The vessel was loaded with ocean drifters to track movement of surface waters around the rig and with equipment to collect time-sensitive samples of water, air and sediment.
“This is an opportunity to put science into immediate practice.” – Tamay Ozgokmen, University of Miami and director of CARTHE
Scientists conducting research to understand the effects of the Deepwater Horizon oil spill are increasingly using sights and sounds to share their explorations and discoveries.
Just three years ago, the DeepWater Horizon oil spill gushed 200 million gallons of oil into the Gulf of Mexico.
Experts from many fields of science have come together in an unprecedented manner to provide sound and trusted information.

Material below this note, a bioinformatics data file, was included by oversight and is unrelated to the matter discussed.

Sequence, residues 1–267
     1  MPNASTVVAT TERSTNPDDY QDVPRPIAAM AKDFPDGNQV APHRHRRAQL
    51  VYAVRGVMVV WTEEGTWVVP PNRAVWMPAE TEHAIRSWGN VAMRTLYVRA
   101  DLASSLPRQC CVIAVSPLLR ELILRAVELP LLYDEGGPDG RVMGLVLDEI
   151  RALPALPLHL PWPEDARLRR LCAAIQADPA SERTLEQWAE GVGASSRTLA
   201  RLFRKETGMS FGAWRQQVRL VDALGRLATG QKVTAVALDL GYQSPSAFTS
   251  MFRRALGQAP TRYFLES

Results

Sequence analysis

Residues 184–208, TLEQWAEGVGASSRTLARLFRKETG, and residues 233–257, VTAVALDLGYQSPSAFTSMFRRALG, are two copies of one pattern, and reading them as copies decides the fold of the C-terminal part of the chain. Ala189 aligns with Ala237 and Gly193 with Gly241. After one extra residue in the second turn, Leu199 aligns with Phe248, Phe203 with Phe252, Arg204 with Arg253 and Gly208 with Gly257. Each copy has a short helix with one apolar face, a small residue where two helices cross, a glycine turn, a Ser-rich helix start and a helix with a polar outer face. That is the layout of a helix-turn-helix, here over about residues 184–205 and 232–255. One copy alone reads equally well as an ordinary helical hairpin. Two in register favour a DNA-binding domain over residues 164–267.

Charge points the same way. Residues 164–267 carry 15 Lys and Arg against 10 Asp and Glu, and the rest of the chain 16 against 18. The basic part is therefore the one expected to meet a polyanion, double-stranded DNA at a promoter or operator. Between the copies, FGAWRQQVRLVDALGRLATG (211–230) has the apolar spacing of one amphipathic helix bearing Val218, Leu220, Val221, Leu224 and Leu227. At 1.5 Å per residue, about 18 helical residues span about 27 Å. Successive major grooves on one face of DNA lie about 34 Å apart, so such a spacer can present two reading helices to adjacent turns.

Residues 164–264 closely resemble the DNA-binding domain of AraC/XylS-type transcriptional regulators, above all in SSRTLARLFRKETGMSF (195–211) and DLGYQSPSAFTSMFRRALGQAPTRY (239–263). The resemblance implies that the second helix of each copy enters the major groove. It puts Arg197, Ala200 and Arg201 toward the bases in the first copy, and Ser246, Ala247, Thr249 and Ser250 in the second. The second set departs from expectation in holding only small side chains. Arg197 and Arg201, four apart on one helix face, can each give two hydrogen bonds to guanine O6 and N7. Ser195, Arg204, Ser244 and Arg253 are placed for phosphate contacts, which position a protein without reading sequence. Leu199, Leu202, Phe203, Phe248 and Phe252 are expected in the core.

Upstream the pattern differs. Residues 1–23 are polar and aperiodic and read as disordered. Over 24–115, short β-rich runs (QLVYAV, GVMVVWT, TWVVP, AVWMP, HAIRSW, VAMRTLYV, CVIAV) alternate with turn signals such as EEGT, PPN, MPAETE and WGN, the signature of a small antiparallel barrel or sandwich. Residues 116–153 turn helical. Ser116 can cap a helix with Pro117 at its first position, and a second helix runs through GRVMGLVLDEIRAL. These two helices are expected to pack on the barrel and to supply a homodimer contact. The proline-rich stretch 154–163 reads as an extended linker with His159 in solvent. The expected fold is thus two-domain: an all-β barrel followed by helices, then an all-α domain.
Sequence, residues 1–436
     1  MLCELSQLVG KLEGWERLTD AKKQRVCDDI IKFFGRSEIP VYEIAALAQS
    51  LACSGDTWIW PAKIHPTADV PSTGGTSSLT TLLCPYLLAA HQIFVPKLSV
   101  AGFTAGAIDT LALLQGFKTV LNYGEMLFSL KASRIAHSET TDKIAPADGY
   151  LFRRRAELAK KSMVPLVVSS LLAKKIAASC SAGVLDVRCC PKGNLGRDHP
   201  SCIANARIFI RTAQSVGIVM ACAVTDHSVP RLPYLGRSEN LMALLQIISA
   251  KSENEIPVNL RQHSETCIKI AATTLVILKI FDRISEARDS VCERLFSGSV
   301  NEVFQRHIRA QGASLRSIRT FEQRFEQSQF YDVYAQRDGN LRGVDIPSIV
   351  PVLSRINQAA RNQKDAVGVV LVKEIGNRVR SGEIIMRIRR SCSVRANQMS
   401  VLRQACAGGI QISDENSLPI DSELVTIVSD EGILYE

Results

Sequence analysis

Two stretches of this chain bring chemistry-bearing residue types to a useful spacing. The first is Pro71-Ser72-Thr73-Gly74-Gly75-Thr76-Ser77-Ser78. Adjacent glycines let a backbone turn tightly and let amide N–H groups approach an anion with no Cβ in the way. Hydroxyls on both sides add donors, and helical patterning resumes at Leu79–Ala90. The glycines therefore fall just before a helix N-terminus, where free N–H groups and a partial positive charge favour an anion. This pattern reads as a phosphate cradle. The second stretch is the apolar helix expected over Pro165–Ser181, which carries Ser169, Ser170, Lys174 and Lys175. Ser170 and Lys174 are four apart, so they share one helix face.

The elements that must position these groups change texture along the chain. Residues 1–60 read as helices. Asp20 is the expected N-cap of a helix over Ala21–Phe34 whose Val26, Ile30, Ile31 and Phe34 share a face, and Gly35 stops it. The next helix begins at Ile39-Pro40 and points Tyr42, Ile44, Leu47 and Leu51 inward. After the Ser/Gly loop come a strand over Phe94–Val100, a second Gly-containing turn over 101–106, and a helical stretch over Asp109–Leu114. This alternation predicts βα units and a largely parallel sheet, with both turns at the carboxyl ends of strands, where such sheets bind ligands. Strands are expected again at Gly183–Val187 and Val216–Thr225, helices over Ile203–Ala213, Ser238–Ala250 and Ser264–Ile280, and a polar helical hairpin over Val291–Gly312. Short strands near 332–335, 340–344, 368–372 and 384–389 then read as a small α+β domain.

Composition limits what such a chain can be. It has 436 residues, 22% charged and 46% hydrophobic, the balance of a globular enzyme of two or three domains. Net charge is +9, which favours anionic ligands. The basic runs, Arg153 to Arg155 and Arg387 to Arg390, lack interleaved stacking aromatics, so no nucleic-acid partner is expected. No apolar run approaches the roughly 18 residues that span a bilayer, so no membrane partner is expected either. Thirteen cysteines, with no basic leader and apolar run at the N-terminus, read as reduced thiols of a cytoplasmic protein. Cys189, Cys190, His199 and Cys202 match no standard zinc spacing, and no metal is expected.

The GoMRI community congratulates the recent appointment of two of their own – Drs. David Halpern and Steven Murawski to the National Research Council Ocean Studies Board (OSB)
Modeling Study Suggests Dispersants Used at Wellhead had Marginal Effect on Oil Reaching Surface Waters
Scientists studying the use of sub-sea chemical dispersants during the Deepwater Horizon spill published their recent findings.
The 2010 blowout of the Macondo well in the waters of the Gulf of Mexico resulted in the region’s largest oil spill in U.S. history.
“There were no detailed contingency plans in place during the BP oil spill,” said Murk. Therefore, ad hoc decisions were taken.
Students, teachers, and journalists joined scientists on board research expeditions and in labs this summer and shared their experiences online.